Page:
How Much Can A Parent Make For A Child To Get SSI?

As a need-based program providing benefits to disabled or blind adults and children, the income and resources disclosed in your application for Supplemental Security Income are key factors in determining whether you qualify. For a child to get SSI, the income of one or both parents must be taken into consideration through a process known as deeming.

Earned and unearned income of parents must be disclosed when applying for Social Security disability benefits for a child. However, not all of a parent’s income factors into determining whether the child is entitled to SSI benefits. To help you get a better understanding of the rules about what a parent makes for a child to get SSI, we offer the following information. Keep in mind that a Social Security disability advocate at London Eligibility can help you through the application and approval process and provide trusted advice about eligibility requirements for the program.

SSI for children

A child for purposes of eligibility for the SSI program is defined as someone meeting the following criteria:

1). Be unmarried and not be the head of a household; and

2). Be younger than 18 years of age; or

3). Be younger than 22 years of age and regularly attending school as a student.

Children who are blind or disabled may qualify for benefits through SSI at birth and retain them until reaching 18 years of age. Upon reaching 18 years of age, a child must meet the definition for disabled that Social Security uses for adults under the SSI program. If benefits were approved for a child based on meeting the definition for blindness, the same definition applies to both children and adults.

A child applying for SSI benefits based on a disability must have a medically determinable physical or mental impairment resulting in marked and severe functional limitations. The impairment must have lasted or be expected to last for at least 12 continuous months or cause the person to die.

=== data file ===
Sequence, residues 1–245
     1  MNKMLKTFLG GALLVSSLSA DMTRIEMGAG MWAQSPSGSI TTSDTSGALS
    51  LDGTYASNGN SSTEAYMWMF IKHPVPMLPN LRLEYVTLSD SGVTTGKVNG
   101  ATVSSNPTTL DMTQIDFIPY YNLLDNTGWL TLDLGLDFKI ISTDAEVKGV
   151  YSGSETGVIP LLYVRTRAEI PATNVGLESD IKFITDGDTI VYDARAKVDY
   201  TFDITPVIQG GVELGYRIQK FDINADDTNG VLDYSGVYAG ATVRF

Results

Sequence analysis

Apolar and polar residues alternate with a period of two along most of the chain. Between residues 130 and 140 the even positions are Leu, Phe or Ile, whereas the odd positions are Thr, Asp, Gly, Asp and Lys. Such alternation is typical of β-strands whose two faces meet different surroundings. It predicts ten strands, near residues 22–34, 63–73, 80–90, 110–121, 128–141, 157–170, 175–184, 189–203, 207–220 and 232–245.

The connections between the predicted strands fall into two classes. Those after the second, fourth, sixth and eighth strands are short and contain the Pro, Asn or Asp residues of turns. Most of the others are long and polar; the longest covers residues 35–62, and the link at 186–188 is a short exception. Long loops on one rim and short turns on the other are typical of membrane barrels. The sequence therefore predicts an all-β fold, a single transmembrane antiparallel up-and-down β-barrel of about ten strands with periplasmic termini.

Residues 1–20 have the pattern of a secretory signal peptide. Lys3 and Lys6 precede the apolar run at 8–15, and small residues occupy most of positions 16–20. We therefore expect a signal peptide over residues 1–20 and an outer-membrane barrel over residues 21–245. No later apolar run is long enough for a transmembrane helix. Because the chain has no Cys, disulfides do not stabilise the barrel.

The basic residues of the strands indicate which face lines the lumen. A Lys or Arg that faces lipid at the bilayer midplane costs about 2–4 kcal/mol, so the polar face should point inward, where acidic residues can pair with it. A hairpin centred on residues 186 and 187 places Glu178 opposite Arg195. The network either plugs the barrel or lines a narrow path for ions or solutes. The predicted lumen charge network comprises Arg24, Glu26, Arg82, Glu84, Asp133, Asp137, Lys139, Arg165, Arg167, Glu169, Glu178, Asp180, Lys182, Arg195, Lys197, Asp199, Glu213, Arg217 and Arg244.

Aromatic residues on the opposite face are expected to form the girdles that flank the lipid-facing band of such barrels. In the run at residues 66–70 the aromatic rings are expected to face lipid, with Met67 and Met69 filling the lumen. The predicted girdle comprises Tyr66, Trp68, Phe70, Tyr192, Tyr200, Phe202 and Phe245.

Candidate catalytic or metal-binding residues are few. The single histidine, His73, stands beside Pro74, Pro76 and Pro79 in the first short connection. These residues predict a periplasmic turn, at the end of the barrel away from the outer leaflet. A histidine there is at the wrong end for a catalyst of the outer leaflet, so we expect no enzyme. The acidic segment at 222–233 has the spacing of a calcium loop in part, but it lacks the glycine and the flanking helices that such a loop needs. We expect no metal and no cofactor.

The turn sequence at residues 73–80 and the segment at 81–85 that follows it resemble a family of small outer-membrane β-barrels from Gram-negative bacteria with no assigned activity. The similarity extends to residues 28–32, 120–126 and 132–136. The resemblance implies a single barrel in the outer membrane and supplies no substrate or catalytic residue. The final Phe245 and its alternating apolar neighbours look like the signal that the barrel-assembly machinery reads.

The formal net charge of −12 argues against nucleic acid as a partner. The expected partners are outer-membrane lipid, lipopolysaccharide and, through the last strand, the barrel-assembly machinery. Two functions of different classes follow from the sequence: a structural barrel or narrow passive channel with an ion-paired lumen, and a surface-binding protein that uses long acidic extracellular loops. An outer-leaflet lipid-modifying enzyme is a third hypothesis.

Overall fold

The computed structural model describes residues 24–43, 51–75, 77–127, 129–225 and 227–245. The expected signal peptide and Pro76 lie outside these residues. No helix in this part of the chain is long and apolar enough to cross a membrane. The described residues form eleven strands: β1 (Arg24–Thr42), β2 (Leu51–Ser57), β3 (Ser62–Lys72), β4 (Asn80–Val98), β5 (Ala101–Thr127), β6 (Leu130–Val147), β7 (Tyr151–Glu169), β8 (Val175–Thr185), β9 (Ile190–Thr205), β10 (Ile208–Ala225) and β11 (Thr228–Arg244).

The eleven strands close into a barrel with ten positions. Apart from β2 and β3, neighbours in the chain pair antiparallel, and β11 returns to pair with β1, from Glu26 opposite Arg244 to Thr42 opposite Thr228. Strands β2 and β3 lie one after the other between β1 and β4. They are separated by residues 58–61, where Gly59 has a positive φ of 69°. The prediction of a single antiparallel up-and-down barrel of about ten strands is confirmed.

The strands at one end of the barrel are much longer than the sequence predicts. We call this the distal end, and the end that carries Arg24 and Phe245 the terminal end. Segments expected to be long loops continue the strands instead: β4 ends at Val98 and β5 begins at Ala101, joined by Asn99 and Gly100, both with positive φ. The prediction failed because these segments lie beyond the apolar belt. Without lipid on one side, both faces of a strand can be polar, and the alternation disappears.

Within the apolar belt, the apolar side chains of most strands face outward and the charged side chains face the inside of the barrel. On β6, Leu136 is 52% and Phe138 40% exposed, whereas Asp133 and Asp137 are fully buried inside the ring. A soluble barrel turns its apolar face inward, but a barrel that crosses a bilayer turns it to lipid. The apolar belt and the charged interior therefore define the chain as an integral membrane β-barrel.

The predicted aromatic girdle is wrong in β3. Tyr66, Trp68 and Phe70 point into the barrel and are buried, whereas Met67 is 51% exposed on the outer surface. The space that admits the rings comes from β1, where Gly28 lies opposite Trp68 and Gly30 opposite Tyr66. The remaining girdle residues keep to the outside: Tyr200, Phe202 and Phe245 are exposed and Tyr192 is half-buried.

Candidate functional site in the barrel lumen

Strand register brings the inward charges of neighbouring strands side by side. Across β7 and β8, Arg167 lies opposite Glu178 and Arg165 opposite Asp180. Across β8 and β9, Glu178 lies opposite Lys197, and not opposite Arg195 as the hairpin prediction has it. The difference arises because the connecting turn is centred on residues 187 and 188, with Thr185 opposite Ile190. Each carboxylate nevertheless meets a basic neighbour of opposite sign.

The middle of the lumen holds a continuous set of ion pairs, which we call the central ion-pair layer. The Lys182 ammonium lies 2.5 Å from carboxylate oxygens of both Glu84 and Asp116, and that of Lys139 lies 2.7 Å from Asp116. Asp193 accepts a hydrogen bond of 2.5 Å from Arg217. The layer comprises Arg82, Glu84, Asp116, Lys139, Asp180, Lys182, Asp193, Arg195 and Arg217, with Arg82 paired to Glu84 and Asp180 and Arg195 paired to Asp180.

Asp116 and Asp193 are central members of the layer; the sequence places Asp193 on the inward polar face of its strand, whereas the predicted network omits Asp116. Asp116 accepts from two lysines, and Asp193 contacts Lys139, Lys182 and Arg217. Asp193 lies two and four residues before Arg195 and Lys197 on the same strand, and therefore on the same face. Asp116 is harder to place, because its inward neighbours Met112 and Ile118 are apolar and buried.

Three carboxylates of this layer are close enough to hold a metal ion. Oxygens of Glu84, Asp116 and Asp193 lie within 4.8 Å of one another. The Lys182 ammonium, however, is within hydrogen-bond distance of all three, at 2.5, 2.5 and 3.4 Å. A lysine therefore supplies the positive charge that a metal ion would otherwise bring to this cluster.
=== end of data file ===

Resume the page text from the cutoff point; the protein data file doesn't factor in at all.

How does parental income affect a child’s eligibility for SSI?

Income available to a child may count toward and reduce the monthly SSI benefit or make the child ineligible for benefits. Anything that can be used to pay for a child’s food or shelter counts as income. It also includes the income of a parent or stepparent with whom a child lives through a process known as deeming.

As long as the parent or parents with whom the child lives do not qualify for and receive SSI benefits in their own right, a portion of parental income counts as available for the benefit of the child. The income of a stepparent may also be considered when a blind or disabled child lives with a parent and stepparent.

The same rules apply to determining the income of a person applying for or receiving SSI, so not all of it may be counted as income. Earned income of a parent, which means income received through working at a job or through self-employment, is subject to exclusions, including the following:

1). The first $65 of monthly earned income and one-half of the remaining balance.

2). The first $20 of either earned or unearned monthly income.

3). Income applied toward court-ordered support payments.

The unearned income of a parent may also count as deemed income. A parent’s unearned income includes the following for purposes of deeming:

1). Unemployment insurance benefits.

2). Workers’ compensation.

3). SSDI benefits.

4). Investment income.

5). Retirement income.

6). Dividends and interest.

Generally, any income not derived from a parent’s work or self-employment efforts is classified as unearned income.

Allowances made by SSD to a parent’s income

If a child is living in a home that is not disabled, Social Security allocates $397 of parental income toward that child and deducts it from a parent’s income for deeming purposes. SSD also allows for the living expenses of the parent with whom the eligible child resides and reduces the income by the SSI federal benefit rate of $794, which increases to $841 in 2022.

The balance of the countable income of a parent is deemed available for the benefit of the disabled child applying for or receiving SSI. If more than one blind or disabled child resides in the household and qualifies for SSI, Social Security divides the deemed income equally among those children.

To see how the deeming process works, assume an eligible child resides with a parent and has a non-disabled sibling who also lives at home. The parent’s sole source of income is a job paying $2,500 a month.

A deduction of $397 is made from the parent’s $2,500 monthly income for the nondisabled child. Of the remaining $2,103, the income deductions of $65 and $20 reduce it to $2,018, but only one-half, or $1,009, of it, counts as income for deeming purposes. The allocation of $794 for the parent’s living expenses means that Social Security deems $215 of the parent’s income to the eligible child for purposes of SSI.

Get expert advice and guidance about Social Security disability

When you have questions about SSI and SSDI, trust the Social Security disability advocates at London Eligibility for expert advice and representation. Contact us today for a free consultation.